Friday, May 25: Guglielmo Inglese (Pavia/Bergamo)

The final Language Variation & Change workshop meeting of the year will take place this Friday, May 25th at 3:30 pm in RO 301. Our speaker will be Guglielmo Inglese, a visiting student from the University of Pavia and the University of Bergamo. Please see below for more information.

“The middle voice in Hittite: between synchronic description and diachronic explanations”
Guglielmo Inglese (University of Pavia & University of Bergamo)

Research middle voice in Hittite has mostly focused on morphological issues, such as the shape and the distribution of the middle endings, both from a synchronic and a diachronic perspective. Much less attention has been paid to the function of the middle voice. In this talk, I will present some preliminary results on an up-to-date description of the syntax and semantics of the Hittite middle voice.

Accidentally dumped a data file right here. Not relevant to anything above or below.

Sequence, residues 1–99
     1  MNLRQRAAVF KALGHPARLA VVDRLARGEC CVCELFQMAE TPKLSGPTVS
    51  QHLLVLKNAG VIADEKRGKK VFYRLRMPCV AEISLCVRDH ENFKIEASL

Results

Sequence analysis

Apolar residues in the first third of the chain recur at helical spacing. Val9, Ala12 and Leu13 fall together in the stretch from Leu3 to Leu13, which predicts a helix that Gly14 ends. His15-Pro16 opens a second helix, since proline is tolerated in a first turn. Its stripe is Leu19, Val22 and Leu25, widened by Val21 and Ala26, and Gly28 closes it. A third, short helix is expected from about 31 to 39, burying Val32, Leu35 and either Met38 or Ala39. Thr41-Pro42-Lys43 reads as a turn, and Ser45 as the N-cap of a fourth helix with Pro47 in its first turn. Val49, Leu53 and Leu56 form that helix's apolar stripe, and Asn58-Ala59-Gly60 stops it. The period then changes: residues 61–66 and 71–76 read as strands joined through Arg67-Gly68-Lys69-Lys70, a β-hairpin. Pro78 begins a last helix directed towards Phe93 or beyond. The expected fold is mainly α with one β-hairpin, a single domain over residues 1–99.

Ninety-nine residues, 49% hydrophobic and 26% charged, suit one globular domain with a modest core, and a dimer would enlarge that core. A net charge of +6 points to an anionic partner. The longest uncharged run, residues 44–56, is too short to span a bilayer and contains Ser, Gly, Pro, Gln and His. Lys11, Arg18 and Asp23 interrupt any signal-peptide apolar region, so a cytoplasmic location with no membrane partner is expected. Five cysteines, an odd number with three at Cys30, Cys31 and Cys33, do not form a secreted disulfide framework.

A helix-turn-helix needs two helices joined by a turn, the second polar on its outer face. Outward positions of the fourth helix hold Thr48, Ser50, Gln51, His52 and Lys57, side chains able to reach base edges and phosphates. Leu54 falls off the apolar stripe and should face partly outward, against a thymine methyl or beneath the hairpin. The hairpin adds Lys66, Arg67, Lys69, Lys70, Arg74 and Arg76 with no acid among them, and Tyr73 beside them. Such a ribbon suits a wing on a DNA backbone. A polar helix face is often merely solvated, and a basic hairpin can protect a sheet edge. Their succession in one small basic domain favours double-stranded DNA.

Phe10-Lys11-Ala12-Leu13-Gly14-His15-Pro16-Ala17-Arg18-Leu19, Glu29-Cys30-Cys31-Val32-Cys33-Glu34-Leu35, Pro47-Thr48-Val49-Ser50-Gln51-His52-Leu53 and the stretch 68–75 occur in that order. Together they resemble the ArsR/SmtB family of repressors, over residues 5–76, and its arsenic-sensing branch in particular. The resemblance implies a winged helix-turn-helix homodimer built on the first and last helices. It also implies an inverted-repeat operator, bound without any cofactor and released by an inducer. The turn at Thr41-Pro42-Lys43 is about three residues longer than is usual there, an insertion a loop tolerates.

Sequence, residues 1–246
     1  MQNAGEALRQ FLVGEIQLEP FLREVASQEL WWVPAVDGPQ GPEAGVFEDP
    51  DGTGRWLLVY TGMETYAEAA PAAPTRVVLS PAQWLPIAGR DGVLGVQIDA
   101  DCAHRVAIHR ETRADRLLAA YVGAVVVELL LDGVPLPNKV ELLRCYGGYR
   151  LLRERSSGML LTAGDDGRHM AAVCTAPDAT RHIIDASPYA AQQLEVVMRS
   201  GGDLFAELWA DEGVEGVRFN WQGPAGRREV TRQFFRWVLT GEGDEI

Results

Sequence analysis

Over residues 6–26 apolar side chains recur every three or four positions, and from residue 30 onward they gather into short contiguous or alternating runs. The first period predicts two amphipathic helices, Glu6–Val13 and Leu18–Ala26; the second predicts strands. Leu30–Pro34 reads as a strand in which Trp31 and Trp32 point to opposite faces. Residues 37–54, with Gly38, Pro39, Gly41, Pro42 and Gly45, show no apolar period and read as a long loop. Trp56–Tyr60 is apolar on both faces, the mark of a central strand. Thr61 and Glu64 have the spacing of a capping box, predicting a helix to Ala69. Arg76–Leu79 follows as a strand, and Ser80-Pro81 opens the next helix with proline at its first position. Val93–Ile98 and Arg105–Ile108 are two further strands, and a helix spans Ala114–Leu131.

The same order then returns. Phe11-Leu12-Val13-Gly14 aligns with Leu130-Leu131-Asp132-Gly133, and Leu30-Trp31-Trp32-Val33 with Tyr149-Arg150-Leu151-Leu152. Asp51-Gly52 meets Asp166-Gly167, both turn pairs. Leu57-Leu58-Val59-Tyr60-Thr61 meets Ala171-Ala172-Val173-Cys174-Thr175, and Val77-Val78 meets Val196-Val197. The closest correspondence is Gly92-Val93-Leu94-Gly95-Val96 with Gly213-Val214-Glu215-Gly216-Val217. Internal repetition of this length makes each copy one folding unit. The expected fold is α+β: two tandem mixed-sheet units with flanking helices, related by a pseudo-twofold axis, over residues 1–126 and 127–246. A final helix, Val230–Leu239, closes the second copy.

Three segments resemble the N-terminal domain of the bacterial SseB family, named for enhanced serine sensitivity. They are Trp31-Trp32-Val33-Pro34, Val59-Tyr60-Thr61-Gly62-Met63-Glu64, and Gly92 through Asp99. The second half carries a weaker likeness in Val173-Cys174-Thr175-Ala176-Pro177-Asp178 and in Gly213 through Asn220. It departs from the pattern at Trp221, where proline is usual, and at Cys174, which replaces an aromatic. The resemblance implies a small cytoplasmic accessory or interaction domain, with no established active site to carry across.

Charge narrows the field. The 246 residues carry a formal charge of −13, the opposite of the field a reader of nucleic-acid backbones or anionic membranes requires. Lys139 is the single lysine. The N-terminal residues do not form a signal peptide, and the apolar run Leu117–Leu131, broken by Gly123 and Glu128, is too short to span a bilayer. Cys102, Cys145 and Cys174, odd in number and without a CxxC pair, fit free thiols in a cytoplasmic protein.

Based on the exhaustive analysis of middle verbs occurring in original Old, Middle, and New Hittite texts, I will provide a thorough treatment of the various functions performed by this morphological marker. On the one hand, I will address the issue of media tantum, i.e. middle verbs lacking an active counterpart, including transitive deponent verbs, and suggest possible motivations for their idiosyncratic behavior. On the other hand, I will focus on verbs showing diathesis alternation, and investigate the meanings associated to oppositional middles. These are passive, reflexive, anticausative (decausative), and reciprocal. The description of each function will be framed in current trends in the typology of valency changing operations. As I will show, the middle voice behaves as a verb-sensitive valency reducing strategy, as the semantic interpretation of middle forms is partly constrained by the semantics of the individual predicates.

Finally, I discuss how synchronic approaches largely fail in providing a satisfactory description of the middle voice, and show that much of the attested synchronic variation can be better understood in diachronic terms. In doing so, I briefly illustrate how the various functions are diachronically related, and provide a tentative sketch of the development of the middle voice in the attested history of the language.

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